Prerequisites (courses and/or methodological skills): An interest in pedagogy and familiarity with the relevant tools.
Contact: If you're interested, send a CV, 2 references, and a short paragraph on why this project interests you to:

dkane@fas.harvard.edu
 

Horacio Larreguy
The Effect of Education on Political Engagement Across Regime Type: Evidence from Sub-Saharan Africa

The student will contribute to this book project exploring the relationship between education and political engagement in Kenya, Nigeria, Senegal, Tanzania, and Zimbabwe by researching the politics of each country, with a particular focus on how voter mobilization work and how that might differ with their level of education. The student will reflect this work in two or three essays between 20 and 30 pages.
Prerequisites (courses and/or methodological skills): None.
Contact: If you're interested, send a CV, 2 references, and a short paragraph on why this project interests you to:

hlarreguy@fas.harvard.edu
 

Horacio Larreguy
How Does Political Violence Shape the Political Supply? Evidence from the 2018 Mexican Election

The 2018 Mexican elections saw more than 150 political candidates assassinated by the organized crime, and more than six thousand are estimated to have stepped down from candidacy as a result of intimidation. This project aims at assessing how political violence shapes the political supply. The student will contribute to constructing a dataset with information surrounding the assassination of mayoral candidates during the 2018 Mexican elections.
Prerequisites (courses and/or methodological skills): Knowledge of Spanish is required.
Contact: If you're interested, send a CV, 2 references, and a short paragraph on why this project interests you to:

hlarreguy@fas.harvard.edu
 

Harvey Mansfield
The Ideas Moving American Political Parties Today

Seeking help in the preparation of a book on "Our Parties," analyzing and evaluating the ideas of the two parties.  Democrats inspired by Progressivism, Republicans by conservatism.  Both systems are under challenge today from socialism on the left, Trump on the right. I need an RA to read books and articles and to summarize them in written reports, given in weekly meetings.  Ideas are not just policy questions but the dispositions that inspire them.  For a sense of the project, see my two articles in City Journal of 2015.
Prerequisites (courses and/or methodological skills): Intelligence and a hound dog's sense of smell connected to the intellect.  No methodological or quantitative skills needed, though these are not a disqualification. 
Contact: If you're interested, send a CV, 2 references, and a short paragraph on why this project interests you to:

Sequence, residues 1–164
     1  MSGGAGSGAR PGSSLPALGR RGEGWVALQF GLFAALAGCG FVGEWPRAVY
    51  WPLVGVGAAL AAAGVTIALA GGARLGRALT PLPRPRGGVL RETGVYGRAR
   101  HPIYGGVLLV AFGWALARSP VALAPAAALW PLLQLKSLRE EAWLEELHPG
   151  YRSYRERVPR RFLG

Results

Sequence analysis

h_mansfield@harvard.edu
 

Payam Mohseni
Iranian Regional Security Policy and Sectarian De-Escalation in the Middle East

This project focuses on sectarian politics in the Middle East and Iran’s regional foreign policy. In specific, attention will be paid to the “Axis of Resistance” comprising of Iran, Iraq and Syria as well as various non-state actors such as Hezbollah, Iraq’s Hashd al-Shaabi and other militia actors.  We will be looking at larger geo-political struggles, social transformations, and political thought affecting Axis players. Researchers may also be required to undertake analysis of Saudi and GCC state foreign policies, as well as Sunni Salafi movements in the Middle East. Responsibilities will include news and analysis monitoring, collecting and synthesizing secondary scholarship, and attending and summarizing talks/events pertaining to the research project.
Prerequisites (courses and/or methodological skills): Reading ability in Arabic or Persian is preferred but not required. 
Contact: If you're interested, send a CV, 2 references, and a short paragraph on why this project interests you to:

Payam_Mohseni@hks.harvard.edu
 

Thomas F. Remington
Labor Markets and Wage Inequality in Comparative Perspective

As part of a larger research project comparing wage and income inequality in the United States, Russia, and China, I wish to analyze labor market institutions in other large, developed, heterogeneous states.  Canada poses a particularly apt point of reference because, like the United States, it is geographically large and heterogeneous, with a federal constitution and a developed capitalist economy.  However, despite rising concentration of labor market income gains at the high end of the distribution, it has not experienced wage stagnation and middle class shrinkage to the same degree as the United States.  I would like an RA to gather data on labor market trends and institutions in Canada at the federal and province levels over the past four decades in order to inform a comparison with the United States on the ways in which labor market institutions such as employment and labor law enforcement, anti-trust regulation, and minimum wage law influence wages at the low and middle ends of the distribution.  The broad hypothesis is that politically-established labor market institutions in Canada buffer low-wage workers against some of the effects of global trade integration, technological change, and monopsony labor market power that have driven down wage and social benefits levels in the United States. 
Prerequisites (courses and/or methodological skills): Familiarity with Excel
Contact: If you're interested, send a CV, 2 references, and a short paragraph on why this project interests you to:

tremington@fas.harvard.edu